Southern California Urban Search and Rescue teams gathered at the Los Angeles County Fire Department’s Del Valle Training Center in Castaic this week for a joint training exercise called “Southern Wind.”
The three-day exercise simulated the detonation of a radiological dispersal device, or “dirty bomb.”
“They’re taking the simulation of a collapsed structure and adding a radiological element to it,” said Scott Elliott, L.A. County Fire spokesman.
The full-scale drill used models from the Northridge earthquake combined with what responders learned from incidents in Haiti and Mexico to create a scenario that will prepare the state’s USAR task forces and evaluate their readiness.
“What this does for our USAR teams is allows for that next level of skill to come out,” said David Richardson, chief deputy of emergency operations for L.A. County Fire. “It allows the Southern California teams to train, share thoughts and ideas, collaborate, but most importantly to build relationships so when the real event does come, there is no guessing, and they are able to work seamlessly together.”
During the exercise, USAR teams from the L.A. County Fire Department, Orange County Fire Authority, Riverside Fire Department and San Diego Fire-Rescue Department worked together with conditions as close to real life as possible, including real samples of radiation and live victims in the piles of rubble.
“Any time you start talking about radioactivity, the public and even the responders get very nervous,” said Chuck Tobias, assistant chief of special operations for California Office of Emergency Services (Cal OES). “To overcome some of the untrue concerns that exist, we’re actually training the responders as to the real effects of radiation, the levels they can be exposed to without harm and how to operate in a scenario where you have to provide for the safety of the public in a timely manner.”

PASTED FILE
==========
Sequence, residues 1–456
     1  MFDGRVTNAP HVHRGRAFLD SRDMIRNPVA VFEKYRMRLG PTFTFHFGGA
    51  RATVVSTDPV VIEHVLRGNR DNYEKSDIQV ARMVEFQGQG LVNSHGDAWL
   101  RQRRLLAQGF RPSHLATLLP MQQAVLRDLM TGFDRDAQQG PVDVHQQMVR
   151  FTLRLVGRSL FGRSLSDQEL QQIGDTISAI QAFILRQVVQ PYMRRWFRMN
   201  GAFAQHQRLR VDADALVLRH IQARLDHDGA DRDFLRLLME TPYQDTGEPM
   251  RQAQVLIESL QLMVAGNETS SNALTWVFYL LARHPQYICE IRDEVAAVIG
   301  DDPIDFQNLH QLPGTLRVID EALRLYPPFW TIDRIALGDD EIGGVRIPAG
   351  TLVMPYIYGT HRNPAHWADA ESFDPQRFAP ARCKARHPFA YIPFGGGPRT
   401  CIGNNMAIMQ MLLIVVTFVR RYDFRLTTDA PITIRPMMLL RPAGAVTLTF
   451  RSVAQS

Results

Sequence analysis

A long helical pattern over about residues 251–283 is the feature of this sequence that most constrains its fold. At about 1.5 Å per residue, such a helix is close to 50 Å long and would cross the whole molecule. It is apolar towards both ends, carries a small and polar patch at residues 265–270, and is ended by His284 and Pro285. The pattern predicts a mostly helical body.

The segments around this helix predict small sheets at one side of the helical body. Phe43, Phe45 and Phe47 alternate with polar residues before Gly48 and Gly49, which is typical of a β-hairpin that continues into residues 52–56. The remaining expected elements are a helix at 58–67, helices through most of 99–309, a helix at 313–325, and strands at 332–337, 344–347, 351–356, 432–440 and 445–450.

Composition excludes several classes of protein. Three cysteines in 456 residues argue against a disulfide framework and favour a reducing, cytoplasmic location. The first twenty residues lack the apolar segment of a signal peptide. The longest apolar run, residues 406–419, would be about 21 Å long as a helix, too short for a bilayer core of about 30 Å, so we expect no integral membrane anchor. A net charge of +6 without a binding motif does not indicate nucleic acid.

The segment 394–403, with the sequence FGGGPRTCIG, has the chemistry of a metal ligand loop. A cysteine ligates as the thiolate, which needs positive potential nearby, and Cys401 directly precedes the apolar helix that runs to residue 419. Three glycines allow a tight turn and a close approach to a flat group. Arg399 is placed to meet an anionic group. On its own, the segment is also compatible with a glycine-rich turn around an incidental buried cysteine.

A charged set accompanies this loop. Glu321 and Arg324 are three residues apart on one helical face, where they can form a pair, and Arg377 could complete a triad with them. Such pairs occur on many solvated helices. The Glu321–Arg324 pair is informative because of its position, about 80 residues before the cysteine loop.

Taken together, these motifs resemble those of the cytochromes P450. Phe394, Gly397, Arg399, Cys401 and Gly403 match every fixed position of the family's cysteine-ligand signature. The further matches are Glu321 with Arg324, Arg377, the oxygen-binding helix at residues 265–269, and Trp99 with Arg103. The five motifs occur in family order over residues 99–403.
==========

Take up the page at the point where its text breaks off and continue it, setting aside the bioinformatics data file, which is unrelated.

This exercise was created after then-Gov. Jerry Brown asked if responders were prepared for a dirty bomb in California.
“The obvious answer is, ‘We don’t know, we’ve never tested it,’” Tobias said. “Nowhere in the nation have first responders tried to evaluate their response capabilities to a radiological dispersion device.”
So, last year, Cal OES, with the assistance of the Federal Emergency Management Agency, held the first of these readiness programs in Northern California to begin training for a terrorism-related event such as this.
“The take-away today really is there will be lessons learned,” Elliott said, “so they can improve for the next instance.”